Navy honors WWII vet with Combat Infantryman Badge, POW medal

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Jan. 5 (UPI) — The Navy has awarded a World War II veteran with an honorary Combat Infantryman Badge and a Prisoner of War medal in honor of his service.

At an awards ceremony that took place 76 years after he served in the Pacific, Daniel Crowley was also promoted to the rank of sergeant — which he attained but was not formally advanced to during his service.

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“Grace under fire. Calm under pressure. Easy words to use in the quiet of an auditorium. It is another thing entirely to demonstrate these qualities in the face of a determined enemy,” said Gregory J. Slavonic at the Bradley International Airport’s Air National Guard hanger in Windsor Locks, Conn., Monday. “It takes a very special person to continue to persevere through the most daunting of circumstances. It takes a certain depth of character to put yourself into harm’s way for your fellow warriors and for your country.”

Crowley enlisted in the U.S. Army Air Corps when he was 18, hoping, by his account, to “take a long trip somewhere at the expense of our country.

He was assigned to Nichols Field to Manila, the Philippines, in March 1941.

Nine months later, shortly after the attacks on Pearl Harbor, the Japanese attacked Nichols Field.

Crowley, with his unit, attempted an improvised air defense but Nichols Field — and most of its aircraft — were destroyed, prompting the evacuation of the ground crews and the abandonment of the airbase.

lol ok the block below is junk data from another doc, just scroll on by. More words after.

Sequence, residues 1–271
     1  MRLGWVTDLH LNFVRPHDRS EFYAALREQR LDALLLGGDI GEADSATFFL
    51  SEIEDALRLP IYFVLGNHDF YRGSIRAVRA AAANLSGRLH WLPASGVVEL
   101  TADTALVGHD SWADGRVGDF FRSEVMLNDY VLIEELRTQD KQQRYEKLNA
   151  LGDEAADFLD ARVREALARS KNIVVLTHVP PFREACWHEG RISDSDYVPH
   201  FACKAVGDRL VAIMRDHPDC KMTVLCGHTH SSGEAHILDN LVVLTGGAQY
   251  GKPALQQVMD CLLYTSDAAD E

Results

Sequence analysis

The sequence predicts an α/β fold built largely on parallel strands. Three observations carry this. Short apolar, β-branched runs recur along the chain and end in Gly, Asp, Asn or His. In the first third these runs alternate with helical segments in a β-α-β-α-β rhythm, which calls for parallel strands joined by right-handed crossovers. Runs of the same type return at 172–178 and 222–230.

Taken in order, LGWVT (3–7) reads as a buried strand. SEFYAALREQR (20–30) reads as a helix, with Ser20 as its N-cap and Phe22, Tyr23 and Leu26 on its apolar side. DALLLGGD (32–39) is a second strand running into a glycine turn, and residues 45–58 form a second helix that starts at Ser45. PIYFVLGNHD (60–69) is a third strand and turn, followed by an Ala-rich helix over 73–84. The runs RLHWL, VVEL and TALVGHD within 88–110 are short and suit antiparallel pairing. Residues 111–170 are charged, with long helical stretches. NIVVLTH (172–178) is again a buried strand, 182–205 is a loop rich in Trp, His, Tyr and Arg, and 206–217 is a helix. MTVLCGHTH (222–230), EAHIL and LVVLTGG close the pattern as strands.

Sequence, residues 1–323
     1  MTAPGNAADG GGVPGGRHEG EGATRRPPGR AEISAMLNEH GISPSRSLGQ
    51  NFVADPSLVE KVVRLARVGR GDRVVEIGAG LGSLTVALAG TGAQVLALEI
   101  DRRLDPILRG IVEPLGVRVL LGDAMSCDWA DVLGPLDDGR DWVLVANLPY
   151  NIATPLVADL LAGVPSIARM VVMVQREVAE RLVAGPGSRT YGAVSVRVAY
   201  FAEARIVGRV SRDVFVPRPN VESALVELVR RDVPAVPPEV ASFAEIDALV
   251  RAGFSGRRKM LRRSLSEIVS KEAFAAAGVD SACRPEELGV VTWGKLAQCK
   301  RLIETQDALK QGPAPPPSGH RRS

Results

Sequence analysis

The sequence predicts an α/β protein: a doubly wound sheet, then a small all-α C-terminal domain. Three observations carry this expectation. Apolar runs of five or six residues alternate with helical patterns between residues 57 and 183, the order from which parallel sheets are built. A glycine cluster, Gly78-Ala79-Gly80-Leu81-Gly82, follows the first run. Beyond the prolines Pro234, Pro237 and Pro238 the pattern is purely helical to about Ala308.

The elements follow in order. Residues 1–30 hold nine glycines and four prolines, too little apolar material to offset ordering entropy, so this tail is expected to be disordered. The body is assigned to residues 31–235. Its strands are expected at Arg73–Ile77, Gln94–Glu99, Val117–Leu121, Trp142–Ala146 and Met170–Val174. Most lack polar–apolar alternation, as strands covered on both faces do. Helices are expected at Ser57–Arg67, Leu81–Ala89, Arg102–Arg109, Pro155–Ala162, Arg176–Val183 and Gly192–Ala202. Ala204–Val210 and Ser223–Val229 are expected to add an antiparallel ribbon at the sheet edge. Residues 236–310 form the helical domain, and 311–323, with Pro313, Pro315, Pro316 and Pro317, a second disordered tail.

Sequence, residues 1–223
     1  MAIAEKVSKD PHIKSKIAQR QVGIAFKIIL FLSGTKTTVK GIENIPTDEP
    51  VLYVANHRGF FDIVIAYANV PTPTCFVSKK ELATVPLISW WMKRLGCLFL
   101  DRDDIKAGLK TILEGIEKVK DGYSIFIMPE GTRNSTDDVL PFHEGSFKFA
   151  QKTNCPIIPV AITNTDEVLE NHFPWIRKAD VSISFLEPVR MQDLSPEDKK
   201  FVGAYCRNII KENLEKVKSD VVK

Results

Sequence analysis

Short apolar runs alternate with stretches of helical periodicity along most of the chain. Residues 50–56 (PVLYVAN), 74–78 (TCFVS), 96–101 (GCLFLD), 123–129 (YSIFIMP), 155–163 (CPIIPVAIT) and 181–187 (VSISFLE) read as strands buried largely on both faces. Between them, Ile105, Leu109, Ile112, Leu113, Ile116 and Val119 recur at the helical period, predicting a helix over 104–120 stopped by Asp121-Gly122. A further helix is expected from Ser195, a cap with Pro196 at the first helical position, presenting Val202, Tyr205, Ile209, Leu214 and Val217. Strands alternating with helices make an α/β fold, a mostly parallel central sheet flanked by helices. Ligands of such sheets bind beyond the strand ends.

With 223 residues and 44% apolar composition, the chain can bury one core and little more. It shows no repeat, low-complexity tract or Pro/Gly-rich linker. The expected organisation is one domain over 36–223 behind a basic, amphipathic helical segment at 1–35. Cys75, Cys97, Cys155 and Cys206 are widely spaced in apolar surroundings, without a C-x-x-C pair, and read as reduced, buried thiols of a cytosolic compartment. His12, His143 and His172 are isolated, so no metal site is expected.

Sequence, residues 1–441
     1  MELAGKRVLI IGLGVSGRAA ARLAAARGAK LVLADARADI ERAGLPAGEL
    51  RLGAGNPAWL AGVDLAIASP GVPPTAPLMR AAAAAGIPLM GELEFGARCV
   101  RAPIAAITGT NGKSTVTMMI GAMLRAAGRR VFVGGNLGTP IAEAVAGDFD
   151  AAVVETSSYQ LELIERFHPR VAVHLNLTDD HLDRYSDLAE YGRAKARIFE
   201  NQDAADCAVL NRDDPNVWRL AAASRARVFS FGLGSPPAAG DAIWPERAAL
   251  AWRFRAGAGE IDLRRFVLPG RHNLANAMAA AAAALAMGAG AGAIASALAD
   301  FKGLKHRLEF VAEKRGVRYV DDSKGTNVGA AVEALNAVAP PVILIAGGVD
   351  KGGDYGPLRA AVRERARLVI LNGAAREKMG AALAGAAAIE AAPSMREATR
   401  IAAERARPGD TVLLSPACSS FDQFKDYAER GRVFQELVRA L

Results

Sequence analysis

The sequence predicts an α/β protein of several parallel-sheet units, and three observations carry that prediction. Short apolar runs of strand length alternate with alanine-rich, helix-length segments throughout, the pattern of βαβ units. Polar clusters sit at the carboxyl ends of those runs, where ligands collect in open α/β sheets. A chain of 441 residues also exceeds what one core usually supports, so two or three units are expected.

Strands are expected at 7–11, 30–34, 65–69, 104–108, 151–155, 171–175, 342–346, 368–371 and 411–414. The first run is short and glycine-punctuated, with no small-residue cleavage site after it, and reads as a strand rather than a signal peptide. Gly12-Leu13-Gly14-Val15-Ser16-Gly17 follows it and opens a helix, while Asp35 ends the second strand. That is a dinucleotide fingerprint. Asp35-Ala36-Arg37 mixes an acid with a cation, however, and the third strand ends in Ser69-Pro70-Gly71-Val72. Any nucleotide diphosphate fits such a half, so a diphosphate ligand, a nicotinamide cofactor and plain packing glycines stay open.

The surviving ground crews were made members of the Army’s Provisional Air Corps Infantry Regiment on Bataan, with Crowley’s unit making its way to the tip of Bataan to surrender.

Crowley, along with more than 10,000 others, was taken prisoner May 6, 1942.

He was held at the 92nd Garage Area on Corregidor – an exposed beach with little water or food and no sanitation – before being taken to a forced labor camp in Manila.

Crowley spent a total of three and a half years as a POW, in the Philippines and Japan, until he was liberated in September 1945.

He continues to support armed services initiatives and has been an informal ambassador to the USS Bataan.

“It has been a privilege to meet with a veteran that belonged to the Greatest Generation,” Slavonic said. “The patriotism displayed by these World War II veterans is immeasurable. Even now, these men and women stand to pay their respects whenever our nation’s flag passes, placing their hands over their hearts or saluting.”

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